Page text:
Getting to know the neighbours –
Working toward a stress-free co-existence with snakes

The New Year started off with a bang, as it does every year, but the bangs have got bigger as our neighbours find more inventive ways of disguising industrial explosives as festive poppers. I’ve discovered – thank you Tony Soprano – that by facing my 5000 watt speakers at their bedroom every night for the following week, and playing Beatles music at full volume, I can engender a change of mindset in my fun-loving neighbour on festive occasions.
Peace.

The Nottingham Road Rinkhals.

Our limbless friends fortunately do not have this problem to deal with as they’re deaf, and although they might feel the vibrations from the bigger bangs, they won’t, we’re led to believe, have the frightening decibels to cope with. Let it not be said however, that they can’t make a hell of a noise when they want to – ask anyone who’s had the life frightened out of them by sudden loud hissing from an invisible Puff Adder or Black Mamba warning its way out of trouble. We can add to the list of noisy snakes, a well-known midlands resident, the ubiquitous Rinkhals. Just prior to Christmas, I was asked to remove one such dude, from a neatly stacked wood pile in an open-sided outbuilding up in the Loteni area. As I’ve mentioned before, I don’t usually respond to snake callouts, unless they’re really interesting, but the occasional Rinkhals will always be interesting. On arrival, I was met by the hostage (I’ll stick to my ‘no names’ rule) who had waited patiently for my arrival, to ensure that the visitor didn’t do the standard snake ‘Houdini’ whilst backs were turned. He pointed out where our frog-hunting star had last been seen, and although I didn’t see it until the final break from cover, there was no question as to its location. Some serious “don’t come any closer!” hissing was emanating from the woodpile, and this happened every time I removed a log from the pile. I’m not into the movie star type of furniture throwing when looking for snakes under cover, they have the tendency to remain hidden for as long as possible, only moving when absolutely necessary, and groveling around on hands and knees, peering into hidey holes whilst looking for a spitting snake, is not clever – ask any guy with a white cane. So, it was a case of removing the cover, log by log, until the fugitive had no choice but to bolt into the open, which it did whilst simultaneously presenting me with its piece de resistance, a magnificent “now you’re in trouble!” hood that flashed the reason for its name – Rinkhals, or as they say in the journals, Ring-Necked Spitting Cobra. It’s a pity about the baggage that goes with it, or any snake for that matter, because it’s a magnificent creature! Had it been left alone, it would have slunk off later – probably never to be seen again.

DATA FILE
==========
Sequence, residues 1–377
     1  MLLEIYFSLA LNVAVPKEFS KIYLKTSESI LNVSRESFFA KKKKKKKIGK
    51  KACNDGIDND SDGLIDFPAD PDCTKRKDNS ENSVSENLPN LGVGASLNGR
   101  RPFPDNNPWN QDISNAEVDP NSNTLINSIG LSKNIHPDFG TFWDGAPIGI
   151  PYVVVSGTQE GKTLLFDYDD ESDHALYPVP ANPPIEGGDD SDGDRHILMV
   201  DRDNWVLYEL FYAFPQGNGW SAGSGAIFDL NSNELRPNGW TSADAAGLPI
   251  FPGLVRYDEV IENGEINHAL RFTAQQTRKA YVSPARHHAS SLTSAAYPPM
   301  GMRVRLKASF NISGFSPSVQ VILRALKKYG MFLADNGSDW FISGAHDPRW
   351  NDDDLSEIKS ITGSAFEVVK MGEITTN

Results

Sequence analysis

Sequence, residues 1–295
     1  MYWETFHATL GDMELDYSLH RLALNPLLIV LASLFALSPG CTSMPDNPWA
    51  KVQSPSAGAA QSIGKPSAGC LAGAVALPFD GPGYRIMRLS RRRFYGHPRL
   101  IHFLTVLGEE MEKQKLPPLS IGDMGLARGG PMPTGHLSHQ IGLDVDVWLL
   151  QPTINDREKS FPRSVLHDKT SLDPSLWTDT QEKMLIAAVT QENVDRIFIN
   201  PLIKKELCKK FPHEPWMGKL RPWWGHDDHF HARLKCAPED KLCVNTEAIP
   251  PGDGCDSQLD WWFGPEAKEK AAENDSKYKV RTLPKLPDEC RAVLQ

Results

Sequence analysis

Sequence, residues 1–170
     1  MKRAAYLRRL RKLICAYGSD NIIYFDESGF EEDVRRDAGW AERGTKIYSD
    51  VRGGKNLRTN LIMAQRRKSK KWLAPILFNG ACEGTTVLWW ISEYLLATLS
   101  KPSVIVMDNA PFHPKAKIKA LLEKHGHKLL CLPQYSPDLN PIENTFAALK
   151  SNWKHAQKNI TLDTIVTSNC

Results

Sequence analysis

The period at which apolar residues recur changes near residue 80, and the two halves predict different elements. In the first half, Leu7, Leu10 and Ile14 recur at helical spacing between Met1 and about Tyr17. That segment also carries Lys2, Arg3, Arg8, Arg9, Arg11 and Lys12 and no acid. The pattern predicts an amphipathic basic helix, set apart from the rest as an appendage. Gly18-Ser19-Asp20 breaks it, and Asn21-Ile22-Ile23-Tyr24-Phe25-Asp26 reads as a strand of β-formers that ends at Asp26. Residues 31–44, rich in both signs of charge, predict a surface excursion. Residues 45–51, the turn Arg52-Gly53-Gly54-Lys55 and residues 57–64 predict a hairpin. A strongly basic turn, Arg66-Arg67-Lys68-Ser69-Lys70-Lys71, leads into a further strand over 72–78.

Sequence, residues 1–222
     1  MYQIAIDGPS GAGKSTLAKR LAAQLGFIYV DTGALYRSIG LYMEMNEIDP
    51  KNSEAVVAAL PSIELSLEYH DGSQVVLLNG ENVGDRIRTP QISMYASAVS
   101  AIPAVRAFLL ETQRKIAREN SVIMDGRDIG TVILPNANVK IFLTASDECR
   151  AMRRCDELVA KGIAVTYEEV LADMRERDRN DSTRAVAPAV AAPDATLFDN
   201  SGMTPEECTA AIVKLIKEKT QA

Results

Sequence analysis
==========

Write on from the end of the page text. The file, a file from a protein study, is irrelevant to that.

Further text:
© pat mckrill. 2017
herpet@eastcoast.co.za
Cell: 0833036958